Global Burden of Bacterial Antimicrobial Resistance in 2019: A Systematic Analysis

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Global Burden of Bacterial Antimicrobial Resistance in 2019: A Systematic Analysis

Antimicrobial resistance (AMR) is a global health issue. The irrational use of antibiotics in human, animal and environment sectors give rise to AMR. Apprehensions are rife that AMR may follow similar patterns as seen in case of epidemic outbreaks developing into pandemics. In this situation, it becomes imperative to understand the true distribution of resistant infections so that appropriate action can be undertaken. Various research articles estimated and published the burden of drug resistant infections covering several pathogens for regions like the USA, Thailand, EU, and several other locations. Though these publications act as crucial sources of information, they still lack the overall clarity of the global burden of AMR. Hence, a group of AMR experts joined hands and made a huge, tremendous effort to compile, analyse and publish the data in Lancet. The article focused on comprehensive analysis of the burden of AMR to date, producing estimates for 204 countries and territories, 23 bacterial pathogens, and 88 pathogen- drug combinations, from 471 million individual records in 2019.
According to the authors, the global burden of deaths associated with AMR is estimated to be 4.95 million (the deaths that can be prevented if all resistant infections were replaced by no infections), while those attributed to AMR are 1.27 million (deaths that can be prevented if all resistant infections were replaced by susceptible infections) for the year 2019. The three most common infectious syndromes contributing to this high number of AMR deaths globally were lower respiratory and thorax infections, bloodstream infections and intra-abdominal infections, responsible for more than three-fourths of the deaths. The six pathogens responsible for the most AMR deaths were reported as Escherichia coli, Staphylococcus aureus, Klebsiella pneumoniae, Streptococcus pneumoniae, Acinetobacter baumannii and Pseudomonas aeruginosa. Of these, E.coli and K.pneumoniae resistance to at least one antibiotic contributed to most AMR deaths.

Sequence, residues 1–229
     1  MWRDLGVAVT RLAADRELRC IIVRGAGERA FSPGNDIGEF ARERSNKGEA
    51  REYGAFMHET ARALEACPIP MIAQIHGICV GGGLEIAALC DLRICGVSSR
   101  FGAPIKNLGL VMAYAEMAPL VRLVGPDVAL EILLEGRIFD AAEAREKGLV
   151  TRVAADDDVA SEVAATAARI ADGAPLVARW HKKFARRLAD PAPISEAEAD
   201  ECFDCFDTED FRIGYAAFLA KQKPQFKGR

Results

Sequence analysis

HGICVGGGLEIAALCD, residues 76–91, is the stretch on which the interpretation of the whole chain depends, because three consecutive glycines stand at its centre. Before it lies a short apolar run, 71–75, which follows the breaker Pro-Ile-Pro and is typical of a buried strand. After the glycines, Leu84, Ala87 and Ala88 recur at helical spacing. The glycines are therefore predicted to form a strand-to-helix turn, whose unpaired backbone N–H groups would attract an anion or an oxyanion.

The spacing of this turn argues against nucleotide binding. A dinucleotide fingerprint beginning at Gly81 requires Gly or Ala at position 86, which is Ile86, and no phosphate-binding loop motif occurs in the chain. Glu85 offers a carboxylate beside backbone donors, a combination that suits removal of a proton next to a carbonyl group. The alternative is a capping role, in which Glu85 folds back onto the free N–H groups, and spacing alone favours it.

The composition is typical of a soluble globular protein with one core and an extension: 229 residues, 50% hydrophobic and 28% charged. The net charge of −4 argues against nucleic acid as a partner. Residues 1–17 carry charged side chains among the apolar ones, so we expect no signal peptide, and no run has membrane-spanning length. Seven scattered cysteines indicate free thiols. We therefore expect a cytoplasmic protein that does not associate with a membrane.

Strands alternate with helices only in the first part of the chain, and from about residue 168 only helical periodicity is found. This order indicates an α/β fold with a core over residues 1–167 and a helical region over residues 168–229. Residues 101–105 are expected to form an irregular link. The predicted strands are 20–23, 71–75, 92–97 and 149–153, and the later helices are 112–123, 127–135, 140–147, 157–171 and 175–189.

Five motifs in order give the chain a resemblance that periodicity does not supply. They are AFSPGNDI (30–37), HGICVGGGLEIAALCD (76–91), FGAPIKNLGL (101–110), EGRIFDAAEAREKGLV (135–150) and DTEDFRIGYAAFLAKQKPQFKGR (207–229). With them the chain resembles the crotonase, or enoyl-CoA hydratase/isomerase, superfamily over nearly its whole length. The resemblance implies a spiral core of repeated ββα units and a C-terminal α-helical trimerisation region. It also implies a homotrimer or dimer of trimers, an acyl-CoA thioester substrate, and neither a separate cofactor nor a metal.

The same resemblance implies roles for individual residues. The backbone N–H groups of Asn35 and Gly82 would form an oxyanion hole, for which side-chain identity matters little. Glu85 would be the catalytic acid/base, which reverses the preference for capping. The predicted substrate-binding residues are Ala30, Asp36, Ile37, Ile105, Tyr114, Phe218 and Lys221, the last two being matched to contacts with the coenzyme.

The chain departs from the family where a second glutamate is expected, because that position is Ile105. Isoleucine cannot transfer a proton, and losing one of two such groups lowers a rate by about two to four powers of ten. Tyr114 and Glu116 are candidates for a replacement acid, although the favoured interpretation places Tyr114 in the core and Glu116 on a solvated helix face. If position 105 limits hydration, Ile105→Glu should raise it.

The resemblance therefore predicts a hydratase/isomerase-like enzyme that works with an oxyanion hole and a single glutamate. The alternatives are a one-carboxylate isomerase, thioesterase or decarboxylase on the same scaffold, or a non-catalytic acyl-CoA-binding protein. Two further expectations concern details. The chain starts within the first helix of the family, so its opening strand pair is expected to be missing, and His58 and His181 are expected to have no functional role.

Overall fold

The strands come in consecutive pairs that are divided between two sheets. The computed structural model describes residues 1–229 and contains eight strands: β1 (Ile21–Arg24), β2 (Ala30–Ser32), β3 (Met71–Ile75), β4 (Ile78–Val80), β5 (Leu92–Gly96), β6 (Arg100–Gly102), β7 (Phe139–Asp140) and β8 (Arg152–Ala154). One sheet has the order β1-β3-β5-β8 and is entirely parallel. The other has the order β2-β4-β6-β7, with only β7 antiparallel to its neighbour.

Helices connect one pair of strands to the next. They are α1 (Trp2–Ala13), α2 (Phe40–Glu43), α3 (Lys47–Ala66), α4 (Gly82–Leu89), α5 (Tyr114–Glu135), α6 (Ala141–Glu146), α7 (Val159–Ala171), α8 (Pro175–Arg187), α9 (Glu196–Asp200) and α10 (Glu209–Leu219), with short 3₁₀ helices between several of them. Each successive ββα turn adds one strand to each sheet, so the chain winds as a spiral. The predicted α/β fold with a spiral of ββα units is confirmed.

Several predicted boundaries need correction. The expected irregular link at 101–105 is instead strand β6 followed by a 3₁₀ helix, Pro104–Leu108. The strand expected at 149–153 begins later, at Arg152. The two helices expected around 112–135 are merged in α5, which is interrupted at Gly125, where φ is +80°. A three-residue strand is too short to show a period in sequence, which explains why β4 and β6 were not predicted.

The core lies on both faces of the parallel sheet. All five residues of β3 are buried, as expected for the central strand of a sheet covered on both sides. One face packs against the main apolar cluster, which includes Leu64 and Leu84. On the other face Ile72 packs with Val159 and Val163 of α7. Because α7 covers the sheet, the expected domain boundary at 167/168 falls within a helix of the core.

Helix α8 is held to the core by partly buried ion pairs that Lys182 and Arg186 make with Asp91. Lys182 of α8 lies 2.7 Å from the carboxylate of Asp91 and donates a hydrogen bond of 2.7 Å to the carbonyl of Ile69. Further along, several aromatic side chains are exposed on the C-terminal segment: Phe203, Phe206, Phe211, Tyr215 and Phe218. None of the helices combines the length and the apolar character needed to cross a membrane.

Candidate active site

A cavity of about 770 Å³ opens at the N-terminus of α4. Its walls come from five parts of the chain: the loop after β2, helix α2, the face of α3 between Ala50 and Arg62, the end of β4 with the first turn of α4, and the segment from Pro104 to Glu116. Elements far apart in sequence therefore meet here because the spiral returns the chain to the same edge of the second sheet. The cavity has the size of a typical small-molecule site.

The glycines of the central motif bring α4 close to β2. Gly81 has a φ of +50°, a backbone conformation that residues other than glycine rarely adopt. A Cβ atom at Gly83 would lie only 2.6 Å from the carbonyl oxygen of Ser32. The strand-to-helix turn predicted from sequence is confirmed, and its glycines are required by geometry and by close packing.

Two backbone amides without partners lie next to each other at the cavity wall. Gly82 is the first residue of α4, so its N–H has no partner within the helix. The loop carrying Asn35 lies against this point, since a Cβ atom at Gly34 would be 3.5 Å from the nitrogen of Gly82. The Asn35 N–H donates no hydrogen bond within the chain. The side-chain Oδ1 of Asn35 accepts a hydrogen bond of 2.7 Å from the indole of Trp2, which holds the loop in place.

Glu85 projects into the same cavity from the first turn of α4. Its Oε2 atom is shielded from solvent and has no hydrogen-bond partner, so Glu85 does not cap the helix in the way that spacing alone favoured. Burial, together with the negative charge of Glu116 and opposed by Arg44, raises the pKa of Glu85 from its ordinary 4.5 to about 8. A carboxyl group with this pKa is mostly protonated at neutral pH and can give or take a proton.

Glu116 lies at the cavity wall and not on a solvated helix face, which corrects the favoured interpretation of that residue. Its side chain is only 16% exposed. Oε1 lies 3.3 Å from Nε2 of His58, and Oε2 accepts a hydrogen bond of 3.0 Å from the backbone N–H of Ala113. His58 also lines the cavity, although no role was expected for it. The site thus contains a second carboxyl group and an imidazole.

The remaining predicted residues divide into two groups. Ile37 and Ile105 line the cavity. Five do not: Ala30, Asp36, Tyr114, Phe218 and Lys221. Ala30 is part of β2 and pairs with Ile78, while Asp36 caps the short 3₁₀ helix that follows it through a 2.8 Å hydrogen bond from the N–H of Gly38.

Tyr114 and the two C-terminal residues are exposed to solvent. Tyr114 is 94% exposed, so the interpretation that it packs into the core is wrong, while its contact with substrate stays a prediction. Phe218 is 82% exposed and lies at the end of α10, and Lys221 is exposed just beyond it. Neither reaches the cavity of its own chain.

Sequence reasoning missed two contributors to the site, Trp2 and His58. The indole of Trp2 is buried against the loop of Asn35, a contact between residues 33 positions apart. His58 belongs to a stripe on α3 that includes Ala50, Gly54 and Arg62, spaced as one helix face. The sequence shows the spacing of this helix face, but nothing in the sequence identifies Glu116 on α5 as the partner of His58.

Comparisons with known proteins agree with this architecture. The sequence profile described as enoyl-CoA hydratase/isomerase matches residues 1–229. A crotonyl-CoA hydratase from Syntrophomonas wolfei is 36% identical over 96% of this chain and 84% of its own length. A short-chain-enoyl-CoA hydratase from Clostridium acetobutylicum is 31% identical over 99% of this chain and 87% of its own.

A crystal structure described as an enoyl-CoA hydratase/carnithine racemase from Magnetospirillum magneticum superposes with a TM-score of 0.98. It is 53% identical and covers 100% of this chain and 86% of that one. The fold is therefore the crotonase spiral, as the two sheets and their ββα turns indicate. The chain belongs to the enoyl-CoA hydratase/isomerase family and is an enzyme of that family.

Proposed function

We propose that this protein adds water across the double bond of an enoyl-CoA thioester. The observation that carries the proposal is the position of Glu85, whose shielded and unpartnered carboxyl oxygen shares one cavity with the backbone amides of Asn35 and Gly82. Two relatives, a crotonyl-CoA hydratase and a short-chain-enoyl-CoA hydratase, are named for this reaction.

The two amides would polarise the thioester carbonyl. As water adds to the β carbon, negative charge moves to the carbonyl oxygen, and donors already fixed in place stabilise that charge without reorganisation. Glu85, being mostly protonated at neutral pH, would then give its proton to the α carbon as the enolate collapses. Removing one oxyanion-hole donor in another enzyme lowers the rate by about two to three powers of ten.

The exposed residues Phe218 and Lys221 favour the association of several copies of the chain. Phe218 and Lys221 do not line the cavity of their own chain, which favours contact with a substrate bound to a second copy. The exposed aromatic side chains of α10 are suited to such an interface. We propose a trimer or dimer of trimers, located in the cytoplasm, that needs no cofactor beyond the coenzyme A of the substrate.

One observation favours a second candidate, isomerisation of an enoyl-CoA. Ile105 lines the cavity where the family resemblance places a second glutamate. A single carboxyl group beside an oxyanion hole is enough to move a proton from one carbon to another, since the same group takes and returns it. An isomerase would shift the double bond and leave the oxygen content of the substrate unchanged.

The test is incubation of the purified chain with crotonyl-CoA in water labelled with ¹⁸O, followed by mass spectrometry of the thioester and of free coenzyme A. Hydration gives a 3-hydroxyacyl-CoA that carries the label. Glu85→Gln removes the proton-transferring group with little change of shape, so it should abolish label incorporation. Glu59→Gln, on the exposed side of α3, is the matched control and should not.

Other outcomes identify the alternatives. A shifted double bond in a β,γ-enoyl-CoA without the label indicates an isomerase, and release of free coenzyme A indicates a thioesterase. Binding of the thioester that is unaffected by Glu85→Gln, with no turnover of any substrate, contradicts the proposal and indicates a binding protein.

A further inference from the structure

The results of the present study highlighted that variation in data exists among different regions. For instance, the Australasia Region (Australia, New Zealand, and some neighboring islands) had the lowest burden with 28 deaths per 100000 associated with AMR, while the Western sub-Saharan Africa region had the highest burden with 114.8 deaths per 100000. The South Asia region of which India is a part, reported a very high number of deaths associated with and attributed to AMR (13,90,000 and 3,89,000 respectively) in 2019. The death rates in this region were higher than 75 per 100000, higher than the global values. The most common pathogen responsible for AMR deaths in this region is E.coli followed by K.pneumoniae. The situation is serious!
To learn more about the global scenario, please visit the website of Lancet (Link).